The COVID-19 (coronavirus) pandemic has dire immediate and long-term consequences for the health and well-being of Americans. Older adults are not only at higher risk for severe illness from the disease, but are also particularly vulnerable to physical and emotional harms associated with the pandemic. For example:
- Thousands of residents in nursing homes and assisted living facilities were not allowed to leave their rooms or receive any visitors.
- Care provided to community-dwelling older adults from home health aides and certified nursing assistants was disrupted, and visits from family and friends discouraged or prohibited due to social distancing recommendations or shelter in place orders.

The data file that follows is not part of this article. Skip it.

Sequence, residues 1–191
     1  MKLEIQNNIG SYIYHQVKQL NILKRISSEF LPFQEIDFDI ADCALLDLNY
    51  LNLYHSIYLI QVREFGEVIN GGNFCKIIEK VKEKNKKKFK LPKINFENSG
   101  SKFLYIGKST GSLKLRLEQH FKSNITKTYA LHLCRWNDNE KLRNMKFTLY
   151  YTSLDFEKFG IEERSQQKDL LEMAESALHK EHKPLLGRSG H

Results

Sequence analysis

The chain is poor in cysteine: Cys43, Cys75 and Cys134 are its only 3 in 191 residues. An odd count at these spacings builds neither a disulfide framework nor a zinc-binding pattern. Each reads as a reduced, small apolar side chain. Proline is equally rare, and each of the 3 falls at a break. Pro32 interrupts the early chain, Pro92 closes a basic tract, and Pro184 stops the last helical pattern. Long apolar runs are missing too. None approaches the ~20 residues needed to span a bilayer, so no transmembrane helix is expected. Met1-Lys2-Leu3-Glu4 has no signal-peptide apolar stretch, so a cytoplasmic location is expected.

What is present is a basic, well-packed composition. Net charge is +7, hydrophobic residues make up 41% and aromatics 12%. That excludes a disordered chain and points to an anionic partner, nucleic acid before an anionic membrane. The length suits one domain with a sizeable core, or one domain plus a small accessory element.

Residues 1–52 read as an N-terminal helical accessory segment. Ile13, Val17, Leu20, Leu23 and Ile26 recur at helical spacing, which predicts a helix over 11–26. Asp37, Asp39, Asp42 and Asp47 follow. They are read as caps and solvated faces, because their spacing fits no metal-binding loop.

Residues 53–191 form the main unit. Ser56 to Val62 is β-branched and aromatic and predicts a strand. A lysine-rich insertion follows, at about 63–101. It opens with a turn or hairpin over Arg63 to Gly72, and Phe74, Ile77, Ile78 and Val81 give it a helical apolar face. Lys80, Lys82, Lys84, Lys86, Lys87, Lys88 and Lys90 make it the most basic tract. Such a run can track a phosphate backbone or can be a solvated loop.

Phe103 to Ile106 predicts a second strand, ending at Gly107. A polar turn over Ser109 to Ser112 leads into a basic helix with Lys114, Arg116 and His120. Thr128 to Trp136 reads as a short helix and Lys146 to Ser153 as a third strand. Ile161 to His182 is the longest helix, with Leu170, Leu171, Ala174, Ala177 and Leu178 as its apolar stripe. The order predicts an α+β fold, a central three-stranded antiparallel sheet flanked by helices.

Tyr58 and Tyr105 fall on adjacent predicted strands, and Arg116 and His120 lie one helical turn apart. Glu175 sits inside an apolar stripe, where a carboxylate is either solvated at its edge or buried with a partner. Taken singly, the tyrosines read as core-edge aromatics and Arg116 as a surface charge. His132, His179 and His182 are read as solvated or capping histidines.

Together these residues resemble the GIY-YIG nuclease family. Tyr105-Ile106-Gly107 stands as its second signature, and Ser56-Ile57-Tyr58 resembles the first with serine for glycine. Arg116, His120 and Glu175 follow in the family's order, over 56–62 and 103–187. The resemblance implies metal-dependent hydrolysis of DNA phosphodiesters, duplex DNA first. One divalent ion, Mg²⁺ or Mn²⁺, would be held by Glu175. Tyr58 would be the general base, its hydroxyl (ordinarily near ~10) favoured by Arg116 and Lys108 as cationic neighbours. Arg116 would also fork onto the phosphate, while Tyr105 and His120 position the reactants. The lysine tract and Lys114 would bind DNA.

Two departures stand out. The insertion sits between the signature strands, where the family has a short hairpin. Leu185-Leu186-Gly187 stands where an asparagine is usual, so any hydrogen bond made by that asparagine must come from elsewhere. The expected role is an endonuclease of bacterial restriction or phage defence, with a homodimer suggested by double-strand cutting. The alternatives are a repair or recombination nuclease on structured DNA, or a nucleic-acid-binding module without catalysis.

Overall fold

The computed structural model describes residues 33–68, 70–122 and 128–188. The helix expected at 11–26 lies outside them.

- Those who were already socially isolated and lonely may face even greater disconnect if unable to interact with others outside the home.
The ongoing effects of the COVID-19 pandemic on the mental health and well-being of older Americans are currently unknown, which limits the development of targeted public health strategies to support their short- and long-term health outcomes in the wake of this crisis.
The specific aims of this research are to:
- Investigate dynamic changes in older adults’ experiences, perspectives, daily activities, coping strategies, mental health, and well-being since the COVID-19 pandemic onset;
- Identify risk and resilience factors that influence mental health and well-being of older adults during the COVID-19 pandemic.